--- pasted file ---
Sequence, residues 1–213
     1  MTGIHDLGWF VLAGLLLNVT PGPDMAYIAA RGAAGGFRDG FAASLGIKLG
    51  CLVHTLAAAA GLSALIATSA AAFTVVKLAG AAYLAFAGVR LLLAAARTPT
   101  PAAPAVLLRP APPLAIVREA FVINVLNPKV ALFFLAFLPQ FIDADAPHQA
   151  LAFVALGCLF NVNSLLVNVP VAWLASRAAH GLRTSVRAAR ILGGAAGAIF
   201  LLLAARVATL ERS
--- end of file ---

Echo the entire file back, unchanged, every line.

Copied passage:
Sequence, residues 1–213
     1  MTGIHDLGWF VLAGLLLNVT PGPDMAYIAA RGAAGGFRDG FAASLGIKLG
    51  CLVHTLAAAA GLSALIATSA AAFTVVKLAG AAYLAFAGVR LLLAAARTPT
   101  PAAPAVLLRP APPLAIVREA FVINVLNPKV ALFFLAFLPQ FIDADAPHQA
   151  LAFVALGCLF NVNSLLVNVP VAWLASRAAH GLRTSVRAAR ILGGAAGAIF
   201  LLLAARVATL ERS